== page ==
“Pre-determinism is the idea that all events are determined in advance. It is the philosophy that all events of history, past, present and future, have already been decided or are already known, by God, fate, or some other force, including human actions. Of course, this makes me question my own free will and that of others. But my own free will has allowed me to predetermine my end. If what I wish for doesn’t happen, then I have to console myself that it wasn’t meant to be.

“I’ve written a humanist service, and even though I’ll be cremated, I should like the minister to say, “Ashes to ashes”, then I’d like the congregation to say, “Funk to funky”. If they then wish to sing, “We know Major Tom’s a Junky”, then I shall smile behind my casket lid and they will know that I did.

“I don’t deny that there might be one or more greater intelligences out there. I reject God in the only image I know: That of man. I long to refute the Church of England and others. I hold them in the same contempt as they do the LGBT community. And I renounce all religion for all of the blood that’s been spilled in their gods’ names.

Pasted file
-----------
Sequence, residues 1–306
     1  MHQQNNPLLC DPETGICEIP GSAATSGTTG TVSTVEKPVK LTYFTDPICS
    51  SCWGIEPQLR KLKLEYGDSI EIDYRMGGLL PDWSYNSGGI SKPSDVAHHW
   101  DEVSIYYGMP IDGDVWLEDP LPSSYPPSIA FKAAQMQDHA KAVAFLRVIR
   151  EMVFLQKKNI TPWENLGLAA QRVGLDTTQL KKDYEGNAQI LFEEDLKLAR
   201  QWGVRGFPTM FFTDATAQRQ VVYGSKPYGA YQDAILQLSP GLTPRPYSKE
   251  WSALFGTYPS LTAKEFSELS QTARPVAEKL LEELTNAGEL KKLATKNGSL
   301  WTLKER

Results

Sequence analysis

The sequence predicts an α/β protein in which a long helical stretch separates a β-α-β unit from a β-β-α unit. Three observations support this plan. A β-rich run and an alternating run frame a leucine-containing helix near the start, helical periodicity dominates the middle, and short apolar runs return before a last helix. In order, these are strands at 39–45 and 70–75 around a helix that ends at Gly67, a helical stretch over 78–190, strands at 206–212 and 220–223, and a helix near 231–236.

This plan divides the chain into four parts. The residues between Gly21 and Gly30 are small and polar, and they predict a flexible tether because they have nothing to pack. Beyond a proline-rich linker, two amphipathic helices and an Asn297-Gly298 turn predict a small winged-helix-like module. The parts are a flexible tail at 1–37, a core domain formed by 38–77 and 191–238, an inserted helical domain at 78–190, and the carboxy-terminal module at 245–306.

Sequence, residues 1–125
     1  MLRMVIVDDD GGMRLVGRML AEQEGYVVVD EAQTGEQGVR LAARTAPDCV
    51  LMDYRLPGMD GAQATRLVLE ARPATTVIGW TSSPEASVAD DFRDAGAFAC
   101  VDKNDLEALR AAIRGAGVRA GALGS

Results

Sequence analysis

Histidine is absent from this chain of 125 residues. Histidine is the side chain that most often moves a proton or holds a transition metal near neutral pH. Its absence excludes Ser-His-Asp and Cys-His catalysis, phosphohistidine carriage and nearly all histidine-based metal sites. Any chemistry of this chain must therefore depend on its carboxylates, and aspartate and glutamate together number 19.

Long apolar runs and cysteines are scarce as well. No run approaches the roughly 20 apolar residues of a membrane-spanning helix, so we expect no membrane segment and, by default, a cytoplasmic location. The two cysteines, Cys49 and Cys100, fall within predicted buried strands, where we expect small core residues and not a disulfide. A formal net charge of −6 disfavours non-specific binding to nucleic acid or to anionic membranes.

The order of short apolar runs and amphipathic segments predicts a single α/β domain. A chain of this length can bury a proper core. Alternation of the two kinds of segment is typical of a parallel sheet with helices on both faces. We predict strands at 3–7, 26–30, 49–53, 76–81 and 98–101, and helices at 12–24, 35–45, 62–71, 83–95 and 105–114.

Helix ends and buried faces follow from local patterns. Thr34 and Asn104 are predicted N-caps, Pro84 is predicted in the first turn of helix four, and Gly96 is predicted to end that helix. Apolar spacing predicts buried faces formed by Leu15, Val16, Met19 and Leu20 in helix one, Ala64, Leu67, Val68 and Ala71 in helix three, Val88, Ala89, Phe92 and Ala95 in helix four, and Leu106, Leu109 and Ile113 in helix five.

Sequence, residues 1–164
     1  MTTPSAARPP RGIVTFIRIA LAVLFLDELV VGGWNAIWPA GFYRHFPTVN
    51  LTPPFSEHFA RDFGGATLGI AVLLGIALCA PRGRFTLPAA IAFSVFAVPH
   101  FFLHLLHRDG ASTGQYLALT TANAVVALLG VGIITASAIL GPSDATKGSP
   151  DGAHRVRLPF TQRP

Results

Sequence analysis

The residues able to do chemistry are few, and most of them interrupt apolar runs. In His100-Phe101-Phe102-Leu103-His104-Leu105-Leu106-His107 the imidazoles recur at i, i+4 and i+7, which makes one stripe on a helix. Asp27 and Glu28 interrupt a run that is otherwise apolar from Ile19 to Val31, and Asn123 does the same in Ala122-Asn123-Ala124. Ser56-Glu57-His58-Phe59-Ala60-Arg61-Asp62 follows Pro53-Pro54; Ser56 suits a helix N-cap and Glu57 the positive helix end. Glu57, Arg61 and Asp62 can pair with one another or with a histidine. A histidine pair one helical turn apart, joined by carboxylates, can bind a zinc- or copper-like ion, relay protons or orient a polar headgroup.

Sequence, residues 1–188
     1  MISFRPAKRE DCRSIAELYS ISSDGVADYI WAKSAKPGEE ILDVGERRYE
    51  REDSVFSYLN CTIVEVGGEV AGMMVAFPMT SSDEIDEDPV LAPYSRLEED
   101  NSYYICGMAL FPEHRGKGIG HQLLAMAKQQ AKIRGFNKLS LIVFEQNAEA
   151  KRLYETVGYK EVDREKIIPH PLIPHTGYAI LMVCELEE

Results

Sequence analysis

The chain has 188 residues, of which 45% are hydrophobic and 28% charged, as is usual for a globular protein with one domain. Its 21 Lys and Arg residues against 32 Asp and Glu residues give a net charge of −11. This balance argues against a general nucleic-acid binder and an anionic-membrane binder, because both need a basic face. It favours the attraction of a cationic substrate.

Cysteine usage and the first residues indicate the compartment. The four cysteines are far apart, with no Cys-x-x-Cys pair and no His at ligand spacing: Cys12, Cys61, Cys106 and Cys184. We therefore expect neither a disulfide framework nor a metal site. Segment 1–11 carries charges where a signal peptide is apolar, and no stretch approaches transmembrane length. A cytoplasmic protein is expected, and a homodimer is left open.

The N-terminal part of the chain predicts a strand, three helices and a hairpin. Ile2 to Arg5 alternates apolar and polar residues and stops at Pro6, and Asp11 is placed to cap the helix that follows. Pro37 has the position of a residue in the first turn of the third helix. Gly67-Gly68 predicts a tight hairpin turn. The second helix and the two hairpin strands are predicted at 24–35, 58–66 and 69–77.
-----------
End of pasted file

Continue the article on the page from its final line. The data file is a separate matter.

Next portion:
“So for the music, I’d like The Duel, by Giorgio Moroder from the Electric Dreams soundtrack, because it’s one of many to my life. Then, Everyone says hi, by David Bowie, from his Heathen album, for I am a heathen and one day I’ll see the original again. Finally, Grey Will Fade, the title track from Charlotte Hatherley’s debut album, because the grey will fade; This too shall pass.

“If people can take care of that by co-operating, it would give me comfort in knowing that they’ve done that, and that they’re capable of much more. And that it was pre-determined; meant to happen. But I haven’t published those wishes and I dare not, for fear they might be ignored or forgotten. At least if I can think that it might happen, that would be comfort enough. It’s a subject I’ve written about in one of my new stories.